(A group of New York Film Students have filmed Blonde Ambition’s final scene, should you be interested in watching an am-dram version of the movie).

True: The feud with Cher

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Getty Images

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Cher and Madonna have traded barbed words for the past 30 years

“I think Madonna’s vulgar and tacky,” says Cher on the 83rd page of Blonde Ambition. “She’s a flash in the pan at best.”

Amazing though it may seem, the quote is real.

Madonna even responded to the comment in a 1984 interview with her future biographer J Randy Taborelli, saying: “Who knows tacky better than Cher?”

False: Madonna auditioned songwriters in a swimming pool

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Holiday was Madonna’s breakout hit, and the UK’s introduction to the future Queen of Pop

Half-way through Blonde Ambition, Madonna is desperately seeking a final song to complete her debut album. So she and Jellybean hold an open audition in an indoor swimming pool at the YMCA.

After a montage of dismal musicians playing dismal songs, funk duo Pure Energy walk through the double doors.

Singer Lisa Stevens and bassist Curtis Hudson (bizarrely renamed Richard Curtis in Hollander’s script) nervously set up their instruments before playing what will become Madonna’s signature song, Holiday.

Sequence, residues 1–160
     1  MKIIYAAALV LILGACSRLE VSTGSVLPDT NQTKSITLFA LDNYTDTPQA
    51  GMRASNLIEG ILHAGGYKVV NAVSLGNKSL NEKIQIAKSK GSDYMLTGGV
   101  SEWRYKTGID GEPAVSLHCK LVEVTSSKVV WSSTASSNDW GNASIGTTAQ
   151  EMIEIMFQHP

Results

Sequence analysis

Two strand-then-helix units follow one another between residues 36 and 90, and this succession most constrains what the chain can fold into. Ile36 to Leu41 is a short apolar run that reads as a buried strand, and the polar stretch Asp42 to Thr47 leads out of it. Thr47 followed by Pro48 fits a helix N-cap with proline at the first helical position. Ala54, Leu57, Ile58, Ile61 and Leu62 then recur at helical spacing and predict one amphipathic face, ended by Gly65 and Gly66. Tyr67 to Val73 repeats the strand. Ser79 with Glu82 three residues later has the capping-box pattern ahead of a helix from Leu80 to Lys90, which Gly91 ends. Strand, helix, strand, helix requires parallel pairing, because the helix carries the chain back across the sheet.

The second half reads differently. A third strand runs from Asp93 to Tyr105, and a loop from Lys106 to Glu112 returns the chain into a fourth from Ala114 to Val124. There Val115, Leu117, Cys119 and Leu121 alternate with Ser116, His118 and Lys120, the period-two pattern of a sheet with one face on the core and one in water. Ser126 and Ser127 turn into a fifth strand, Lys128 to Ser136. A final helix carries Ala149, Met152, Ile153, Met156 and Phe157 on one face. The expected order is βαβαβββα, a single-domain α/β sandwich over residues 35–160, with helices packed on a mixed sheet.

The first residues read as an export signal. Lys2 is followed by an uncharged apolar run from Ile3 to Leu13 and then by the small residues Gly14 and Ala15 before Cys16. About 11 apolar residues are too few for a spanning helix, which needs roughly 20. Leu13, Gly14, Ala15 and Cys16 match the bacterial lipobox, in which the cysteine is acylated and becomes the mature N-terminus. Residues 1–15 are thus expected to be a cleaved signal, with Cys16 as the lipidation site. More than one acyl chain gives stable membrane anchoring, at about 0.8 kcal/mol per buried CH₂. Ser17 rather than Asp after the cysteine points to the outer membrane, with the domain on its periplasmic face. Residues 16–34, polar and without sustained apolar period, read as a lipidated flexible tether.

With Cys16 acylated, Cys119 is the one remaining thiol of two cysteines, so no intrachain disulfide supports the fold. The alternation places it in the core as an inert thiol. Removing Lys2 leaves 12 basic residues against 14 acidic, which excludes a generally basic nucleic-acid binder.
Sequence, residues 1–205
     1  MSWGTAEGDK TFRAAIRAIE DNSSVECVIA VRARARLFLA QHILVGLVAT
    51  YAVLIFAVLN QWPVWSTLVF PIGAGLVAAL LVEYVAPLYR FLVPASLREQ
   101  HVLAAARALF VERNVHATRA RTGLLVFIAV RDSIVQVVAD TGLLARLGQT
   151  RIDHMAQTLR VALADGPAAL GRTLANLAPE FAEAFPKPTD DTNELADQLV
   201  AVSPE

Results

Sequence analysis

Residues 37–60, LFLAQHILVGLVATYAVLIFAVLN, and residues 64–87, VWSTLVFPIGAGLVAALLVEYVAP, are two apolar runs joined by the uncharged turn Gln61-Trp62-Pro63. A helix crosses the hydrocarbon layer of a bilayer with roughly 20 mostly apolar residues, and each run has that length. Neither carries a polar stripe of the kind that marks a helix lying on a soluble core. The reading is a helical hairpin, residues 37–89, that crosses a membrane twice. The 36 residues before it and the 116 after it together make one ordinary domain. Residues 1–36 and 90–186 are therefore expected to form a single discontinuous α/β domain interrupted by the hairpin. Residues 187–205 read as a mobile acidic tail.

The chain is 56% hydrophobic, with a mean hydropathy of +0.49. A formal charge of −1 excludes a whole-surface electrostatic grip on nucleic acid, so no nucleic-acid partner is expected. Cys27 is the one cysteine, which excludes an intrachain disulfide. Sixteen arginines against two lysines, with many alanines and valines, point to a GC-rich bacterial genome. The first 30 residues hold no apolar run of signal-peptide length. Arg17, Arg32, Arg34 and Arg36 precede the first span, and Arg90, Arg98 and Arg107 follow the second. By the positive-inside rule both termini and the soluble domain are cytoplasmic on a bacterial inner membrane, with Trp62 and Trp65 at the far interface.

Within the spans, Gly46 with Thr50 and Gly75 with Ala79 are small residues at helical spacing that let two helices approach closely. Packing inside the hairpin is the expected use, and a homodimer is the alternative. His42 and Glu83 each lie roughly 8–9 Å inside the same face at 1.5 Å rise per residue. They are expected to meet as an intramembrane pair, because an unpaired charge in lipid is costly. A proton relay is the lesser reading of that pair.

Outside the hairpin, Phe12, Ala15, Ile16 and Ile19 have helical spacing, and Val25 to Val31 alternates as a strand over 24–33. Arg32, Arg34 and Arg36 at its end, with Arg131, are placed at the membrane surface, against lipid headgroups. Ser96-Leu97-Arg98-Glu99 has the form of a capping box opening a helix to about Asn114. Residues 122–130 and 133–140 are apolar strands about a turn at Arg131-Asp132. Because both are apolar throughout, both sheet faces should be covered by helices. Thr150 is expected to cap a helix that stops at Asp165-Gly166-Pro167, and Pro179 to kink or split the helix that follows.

Great story – but it never happened.

The band originally submitted a cassette demo of the song to Mary Wilson, of The Supremes.

When she rejected it, Holiday was passed on to Jellybean, who presented it to Madonna.

“The song still generates money,” Curtis told blogcritics in 2006 .

“Can you live off of one hit? Yes, you can if you get the right hit. It can last you a lifetime. We’ve been living proof of that. If we did nothing else, the royalties from Holiday could support us.”

True: She fell over at the 1984 MTV Awards

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Warner Bros / Sire Records

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Madonna’s MTV performance echoed the cover of her second album, Like A Virgin

Madonna’s most public mishap came at the 2015 Brit Awards, when she was yanked off stage by a cape.

But it had happened once before – at the first MTV Awards in 1984, when she lost a stiletto while walking down a 17ft (5m) tall wedding cake in her wedding dress (it could happen to anyone).

Although the incident plays a pivotal part in Blonde Ambition – has she lost the baby? – it was never as serious as the script makes out.

“I thought, ‘Well, I’ll just pretend I meant to do this,'” Madonna later said. “So I dove on the floor and I rolled around. And, as I reached for the shoe, the dress went up. And [my] underpants were showing.”

The stumble-flash made television history and propelled Madonna to even greater heights. And that’s where the film drops the curtain.

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Dame Judi: I love Tracey Ullman’s ‘evil Judi’ sketches

Dame Judi: I love Tracey Ullman’s ‘evil Judi’ sketches

Tracey Ullman as Dame Judi Dench